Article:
6. ^ C. Edmund Bosworth, (2011), 'MĀ WARĀʾ AL-NAHR' Encyclopaedia Iranica "It was defined by the early Arabic historians and geographers as the lands under Muslim control lying to the north of the middle and upper Oxus or Āmu Daryā, in contrast to Iran proper and its eastern province of Khorasan, sometimes called Mā dun al-nahr (lit. "what lies this side of the river"), although from the perspective of Arab historians writing in distant Iraq, the term "Khorasan" might extend to all lands beyond the Oxus, including Khwarazm and Transoxiana." (online)
  7. ^ a b Dickens 2018, pp. 1531–1532.
  8. ^ Sabloff, Paula L.W. (2011). Mapping Mongolia: Situating Mongolia in the World from Geologic Time to the Present. Philadelphia: University of Pennsylvania Museum of Archaeology and Anthropology. p. 62. ISBN 978-1934536186. OCLC 794700604.
  9. ^ C. Edmund Bosworth, (2002), 'CENTRAL ASIA iv. In the Islamic Period up to the Mongols' Encyclopaedia Iranica (online)
  10. ^ Rachel Mairs, The Hellenistic Far East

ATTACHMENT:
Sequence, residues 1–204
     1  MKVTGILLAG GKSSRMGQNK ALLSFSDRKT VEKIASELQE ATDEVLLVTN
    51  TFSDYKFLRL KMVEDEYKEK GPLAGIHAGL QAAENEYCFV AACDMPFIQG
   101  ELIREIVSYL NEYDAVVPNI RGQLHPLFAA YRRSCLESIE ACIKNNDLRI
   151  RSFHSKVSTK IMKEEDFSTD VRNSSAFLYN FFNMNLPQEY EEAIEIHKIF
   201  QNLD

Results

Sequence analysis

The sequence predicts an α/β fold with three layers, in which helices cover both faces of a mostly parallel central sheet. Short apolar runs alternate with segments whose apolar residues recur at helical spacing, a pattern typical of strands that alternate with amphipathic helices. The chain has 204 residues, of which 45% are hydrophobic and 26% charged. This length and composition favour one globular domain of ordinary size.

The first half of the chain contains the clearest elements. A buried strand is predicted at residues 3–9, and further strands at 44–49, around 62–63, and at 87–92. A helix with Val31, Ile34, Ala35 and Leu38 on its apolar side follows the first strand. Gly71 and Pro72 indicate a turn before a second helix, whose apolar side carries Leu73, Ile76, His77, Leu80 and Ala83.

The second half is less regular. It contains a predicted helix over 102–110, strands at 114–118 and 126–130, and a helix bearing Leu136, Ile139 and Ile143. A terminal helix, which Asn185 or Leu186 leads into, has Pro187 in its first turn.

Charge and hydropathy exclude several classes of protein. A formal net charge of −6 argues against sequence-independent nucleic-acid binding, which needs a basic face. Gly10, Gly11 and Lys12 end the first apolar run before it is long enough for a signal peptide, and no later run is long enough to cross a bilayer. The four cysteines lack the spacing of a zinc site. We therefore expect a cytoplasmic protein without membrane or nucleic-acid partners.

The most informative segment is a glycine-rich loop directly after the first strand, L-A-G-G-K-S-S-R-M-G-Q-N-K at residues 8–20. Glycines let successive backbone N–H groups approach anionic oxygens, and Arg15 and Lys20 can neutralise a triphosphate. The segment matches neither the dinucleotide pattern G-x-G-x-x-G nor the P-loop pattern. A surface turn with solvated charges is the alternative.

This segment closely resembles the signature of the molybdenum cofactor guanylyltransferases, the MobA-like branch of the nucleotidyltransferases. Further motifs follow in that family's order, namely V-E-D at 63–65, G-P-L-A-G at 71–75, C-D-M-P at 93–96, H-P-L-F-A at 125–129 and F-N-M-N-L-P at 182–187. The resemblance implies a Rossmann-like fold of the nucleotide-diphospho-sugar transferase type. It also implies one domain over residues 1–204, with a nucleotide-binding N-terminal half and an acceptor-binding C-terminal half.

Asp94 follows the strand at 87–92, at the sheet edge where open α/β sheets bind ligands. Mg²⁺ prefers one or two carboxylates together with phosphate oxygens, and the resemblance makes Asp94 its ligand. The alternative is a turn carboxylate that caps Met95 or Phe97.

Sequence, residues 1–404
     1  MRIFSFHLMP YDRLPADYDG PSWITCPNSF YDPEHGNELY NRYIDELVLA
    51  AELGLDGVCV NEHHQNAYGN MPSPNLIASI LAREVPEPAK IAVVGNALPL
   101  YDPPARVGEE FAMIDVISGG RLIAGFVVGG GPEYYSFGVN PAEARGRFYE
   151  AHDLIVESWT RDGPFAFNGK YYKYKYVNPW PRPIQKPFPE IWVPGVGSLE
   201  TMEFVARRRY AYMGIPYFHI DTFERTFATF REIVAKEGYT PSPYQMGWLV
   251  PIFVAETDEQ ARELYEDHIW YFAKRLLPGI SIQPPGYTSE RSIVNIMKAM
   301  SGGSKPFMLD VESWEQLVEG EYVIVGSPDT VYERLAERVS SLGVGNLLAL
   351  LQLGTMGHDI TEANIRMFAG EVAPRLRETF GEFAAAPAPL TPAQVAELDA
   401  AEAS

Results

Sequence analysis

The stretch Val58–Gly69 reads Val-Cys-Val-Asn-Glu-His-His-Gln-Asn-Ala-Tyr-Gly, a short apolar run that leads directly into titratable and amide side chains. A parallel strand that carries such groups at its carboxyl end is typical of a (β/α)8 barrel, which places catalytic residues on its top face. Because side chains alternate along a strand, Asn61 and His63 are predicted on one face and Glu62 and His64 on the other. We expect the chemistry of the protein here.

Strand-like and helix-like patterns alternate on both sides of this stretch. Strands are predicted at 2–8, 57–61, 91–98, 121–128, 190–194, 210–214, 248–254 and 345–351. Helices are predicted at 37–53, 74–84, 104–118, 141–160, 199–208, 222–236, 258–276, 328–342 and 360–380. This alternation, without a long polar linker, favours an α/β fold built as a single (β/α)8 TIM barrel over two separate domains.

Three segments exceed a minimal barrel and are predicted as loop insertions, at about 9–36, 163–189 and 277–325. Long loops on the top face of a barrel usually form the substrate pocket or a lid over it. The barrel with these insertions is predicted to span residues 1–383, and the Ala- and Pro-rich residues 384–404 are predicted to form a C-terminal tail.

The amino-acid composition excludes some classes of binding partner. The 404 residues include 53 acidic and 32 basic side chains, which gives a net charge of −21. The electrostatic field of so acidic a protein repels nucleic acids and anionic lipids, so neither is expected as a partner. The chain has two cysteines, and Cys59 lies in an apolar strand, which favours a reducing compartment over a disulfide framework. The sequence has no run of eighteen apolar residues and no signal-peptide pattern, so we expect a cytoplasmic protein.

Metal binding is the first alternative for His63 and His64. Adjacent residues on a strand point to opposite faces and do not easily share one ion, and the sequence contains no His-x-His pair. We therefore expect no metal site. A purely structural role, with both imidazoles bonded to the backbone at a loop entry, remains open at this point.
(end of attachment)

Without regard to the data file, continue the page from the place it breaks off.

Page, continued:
11. ^ Silk Road, North China, C. Michael Hogan, The Megalithic Portal, ed. A. Burnham (2007)
  12. ^ a b c d Cook, Michael (2015). "The centrality of Islamic civilization". In Kedar, Benjamin Z.; Wiesner-Hanks, Merry E. (eds.). The Cambridge World History (Vol. V): Expanding Webs of Exchange and Conflict, 500 CE–1500 CE. Cambridge University Press. p. 401. ISBN 978-0-521-19074-9.
  13. ^ The Timurid Empire Archived 2009-08-16 at the Wayback Machine
  14. ^ https://unesdoc.unesco.org/ark:/48223/pf0000120455
  15. ^ Khalid, Adeeb (2014-02-08). "1. Islam in Central Asia". Islam after Communism. University of California Press. pp. 19–33. doi:10.1525/9780520957862-004. ISBN 978-0-520-95786-2. S2CID 240691206.
  16. ^ https://content.ucpress.edu/chapters/12768.ch01.pdf


Further reading